Break-Ins, Death Threats, and the FBI: The Covert War against the Central America Movement

By Ross Gelbspan | Go to book overview

2
An Epidemic Of Terrorism

It is difficult to date with precision the beginning of the extended campaign of official harassment and covert low-grade domestic terrorism that continued to the end of the Reagan Administration and beyond. The reporting of such incidents is not comprehensive. Except for a few veteran activists, most Americans are not comfortable telling others they are the subject of an FBI inquiry. Many mainstream church members and younger activists, as well as refugees from El Salvador and Guatemala, have been intimidated into silence. Other targets of harassment and intimidation, unaware of the systematic nature of such activities and believing their experiences to be isolated events, had no reason to go public with their stories.

But in piecing together scores of confirmed reports of both official harassments and secret, mysterious violations, there emerges the unmistakable picture of a deliberate, coordinated and extended campaign of political rape, in which the homes and workplaces of political activists have been invaded, their belongings stolen or trashed and their sense of security deeply violated.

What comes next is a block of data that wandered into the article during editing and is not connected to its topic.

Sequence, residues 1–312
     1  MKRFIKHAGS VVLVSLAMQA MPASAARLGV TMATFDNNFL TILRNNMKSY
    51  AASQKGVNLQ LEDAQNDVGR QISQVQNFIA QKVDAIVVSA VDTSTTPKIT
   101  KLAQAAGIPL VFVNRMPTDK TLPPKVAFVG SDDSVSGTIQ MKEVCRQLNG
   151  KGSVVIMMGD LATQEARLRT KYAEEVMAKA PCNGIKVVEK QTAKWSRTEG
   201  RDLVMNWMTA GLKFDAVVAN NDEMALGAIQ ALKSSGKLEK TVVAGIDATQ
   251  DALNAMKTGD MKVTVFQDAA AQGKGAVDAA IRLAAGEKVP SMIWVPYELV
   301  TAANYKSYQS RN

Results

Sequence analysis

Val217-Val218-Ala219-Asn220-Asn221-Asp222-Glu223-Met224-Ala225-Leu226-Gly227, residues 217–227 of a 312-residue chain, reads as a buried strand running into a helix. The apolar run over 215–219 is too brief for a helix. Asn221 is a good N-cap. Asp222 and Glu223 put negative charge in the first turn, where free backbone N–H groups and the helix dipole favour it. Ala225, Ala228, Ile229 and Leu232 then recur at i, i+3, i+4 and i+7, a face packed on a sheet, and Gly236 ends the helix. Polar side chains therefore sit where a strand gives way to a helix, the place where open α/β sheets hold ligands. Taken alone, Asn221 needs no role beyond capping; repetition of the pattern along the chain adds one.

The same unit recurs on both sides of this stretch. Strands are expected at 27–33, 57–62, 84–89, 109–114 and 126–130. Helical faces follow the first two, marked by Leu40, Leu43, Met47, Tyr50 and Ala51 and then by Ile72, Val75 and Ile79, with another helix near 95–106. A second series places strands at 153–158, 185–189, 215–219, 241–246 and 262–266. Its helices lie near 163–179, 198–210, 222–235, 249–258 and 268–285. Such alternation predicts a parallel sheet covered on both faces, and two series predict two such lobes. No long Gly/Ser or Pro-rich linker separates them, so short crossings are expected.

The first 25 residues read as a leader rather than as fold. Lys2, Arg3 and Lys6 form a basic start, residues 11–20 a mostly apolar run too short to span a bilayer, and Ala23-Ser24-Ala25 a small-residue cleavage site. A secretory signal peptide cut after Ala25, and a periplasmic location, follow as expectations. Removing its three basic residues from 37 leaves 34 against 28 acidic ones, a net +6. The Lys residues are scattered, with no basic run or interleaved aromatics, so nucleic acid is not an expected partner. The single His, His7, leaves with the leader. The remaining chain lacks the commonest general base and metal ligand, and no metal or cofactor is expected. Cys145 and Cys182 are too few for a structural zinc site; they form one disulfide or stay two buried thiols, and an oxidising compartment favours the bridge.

It may have begun in 1982 when a New York woman returned from Nicaragua to learn that she was the subject of a sudden and inexplicable IRS audit.

Another clue surfaced in November 1983, when agents from the Milwaukee field office of the FBI began questioning members of two local Central America groups about their connections to terrorist organizations. Daisy Cubias, a Milwaukee woman who did volunteer work with the Ecumenical Refugee Council, told a newspaper reporter that FBI agents visited her once at her workplace and twice at her home. "They asked me if I knew that some members of CASC were in the Communist Party. They told me, 'You're going around with a bunch of terrorists and we want to help you keep clean.'"1 Several months later,

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